I freely admit to being a bit of a skeptic about the “science” of economics and to being intrigued by heterodox economic theories. As such, I found this article an interesting read.
Sometimes I just have a quick rant I want to get off my chest or a quick thought I want to share. Or perhaps I read an article or heard a news piece I wanted to share.
For what they’re worth….
Things that make me go hmmmm….
I’m new to this topic/debate (UBI and/or guaranteed jobs) and, to be frank, like the podcasters I’m (at least a little) ambivalent. But I found this conversation on Medium’s Civic Skunk Works to be interesting and informative and therefore thought it worth sharing.
This LinkedIn tidbit caught my eye (being an “older” citizen myself), but then I couldn’t help notice the seemingly obligatory “let’s trash the young’uns” comments.
I am so sick of seeing millennials trashed. Has there ever been an older generation that didn’t denigrate the younger generation for being stupid, lazy, and self-absorbed? This crap has been going on since at least Aristotle’s days. When I was a young’un (the very last year of the Baby Boomers) the older generation didn’t have a single good thing to say about us as we hit the workforce. And now it seems my contemporaries, in turn, feel compelled to crap all over the latest generation hitting the workforce.
If, indeed, age discrimination (toward older workers) is easing — well, I think that’s awesome. My cynical self knows that if organizations are collectively experiencing an attitude shift toward older employees it has everything to do with their bottom line and not to some collective revelation as to the stupidity and despicableness of ageism.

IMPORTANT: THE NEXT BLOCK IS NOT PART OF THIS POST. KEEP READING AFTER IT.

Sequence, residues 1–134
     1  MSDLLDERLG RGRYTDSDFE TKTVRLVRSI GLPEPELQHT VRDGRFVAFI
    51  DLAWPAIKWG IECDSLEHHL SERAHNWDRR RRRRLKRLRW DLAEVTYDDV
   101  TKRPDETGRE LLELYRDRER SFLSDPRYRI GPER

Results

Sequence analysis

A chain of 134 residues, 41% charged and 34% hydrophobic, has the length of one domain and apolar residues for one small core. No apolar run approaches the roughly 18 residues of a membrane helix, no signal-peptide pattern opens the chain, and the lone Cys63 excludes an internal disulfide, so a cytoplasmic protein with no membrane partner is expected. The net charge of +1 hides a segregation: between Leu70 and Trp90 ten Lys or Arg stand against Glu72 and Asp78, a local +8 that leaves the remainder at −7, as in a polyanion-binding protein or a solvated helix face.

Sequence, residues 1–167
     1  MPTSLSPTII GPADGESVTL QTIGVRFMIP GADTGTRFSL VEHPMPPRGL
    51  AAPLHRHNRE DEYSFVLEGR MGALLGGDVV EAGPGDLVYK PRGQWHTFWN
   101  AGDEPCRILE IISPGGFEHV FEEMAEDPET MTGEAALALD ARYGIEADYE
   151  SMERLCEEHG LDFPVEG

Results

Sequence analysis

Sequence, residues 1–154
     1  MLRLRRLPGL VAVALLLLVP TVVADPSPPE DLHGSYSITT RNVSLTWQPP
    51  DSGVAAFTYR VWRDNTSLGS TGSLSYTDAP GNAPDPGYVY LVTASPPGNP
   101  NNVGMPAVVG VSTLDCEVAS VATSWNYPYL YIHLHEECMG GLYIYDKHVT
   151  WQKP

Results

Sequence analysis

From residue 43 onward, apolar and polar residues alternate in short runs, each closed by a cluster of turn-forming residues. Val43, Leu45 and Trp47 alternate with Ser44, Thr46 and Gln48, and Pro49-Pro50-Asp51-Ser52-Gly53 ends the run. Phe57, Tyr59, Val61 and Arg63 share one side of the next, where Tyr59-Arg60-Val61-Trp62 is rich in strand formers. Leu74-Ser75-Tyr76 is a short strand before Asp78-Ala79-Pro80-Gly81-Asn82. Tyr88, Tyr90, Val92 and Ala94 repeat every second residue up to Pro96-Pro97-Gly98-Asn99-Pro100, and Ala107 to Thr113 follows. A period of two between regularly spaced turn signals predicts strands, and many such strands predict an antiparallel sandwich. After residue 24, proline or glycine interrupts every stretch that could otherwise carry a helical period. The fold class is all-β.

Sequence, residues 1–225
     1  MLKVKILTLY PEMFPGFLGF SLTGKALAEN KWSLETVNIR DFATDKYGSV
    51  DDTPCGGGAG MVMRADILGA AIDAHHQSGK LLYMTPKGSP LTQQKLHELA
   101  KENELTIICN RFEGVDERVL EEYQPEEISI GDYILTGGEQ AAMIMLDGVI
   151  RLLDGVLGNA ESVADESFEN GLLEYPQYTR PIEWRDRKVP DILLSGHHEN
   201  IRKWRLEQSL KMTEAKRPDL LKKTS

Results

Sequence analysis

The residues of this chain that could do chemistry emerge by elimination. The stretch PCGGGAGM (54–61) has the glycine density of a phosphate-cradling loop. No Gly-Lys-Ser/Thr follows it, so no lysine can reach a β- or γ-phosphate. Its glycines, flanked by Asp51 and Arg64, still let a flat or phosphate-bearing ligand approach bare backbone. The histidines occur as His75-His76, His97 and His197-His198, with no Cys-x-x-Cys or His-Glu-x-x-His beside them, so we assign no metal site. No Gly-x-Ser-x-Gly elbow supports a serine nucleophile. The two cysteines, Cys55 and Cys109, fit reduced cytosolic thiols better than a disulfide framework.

What I don’t get is how older people don’t understand that ageism works both ways. Bias against anyone based on age is bias. If you’re in your 50’s, how can you not look back and remember what it was like to be in your 20’s? If you’re in your 20’s, let me assure you, as impossible as it seems, you will someday be “old” like us (if you’re lucky, that is).
My final word is this: just because I’m in my 50’s and have some grey in my hair, don’t expect me to participate in your toxic ageist dumping on millennials. I’m not playing.
News and details of this breach are just beginning to come out but it’s going to be a doozy. The things to understand here are 1) “customers” are anyone and everyone who has a credit card, ever had a loan of any type, etc and thus has a credit rating — you’re likely a “customer” even if you’ve never had any direct interaction with Equifax or have ever even heard of them; and 2) the quantity and quality of the details the hackers know about the victims of this breach are deep and personal — our social security numbers, previous addresses, entire credit history — all the information you are often asked to provide in order to prove you are you.
An interesting study about “soft information” and loan outcomes by gender of both lender and borrower.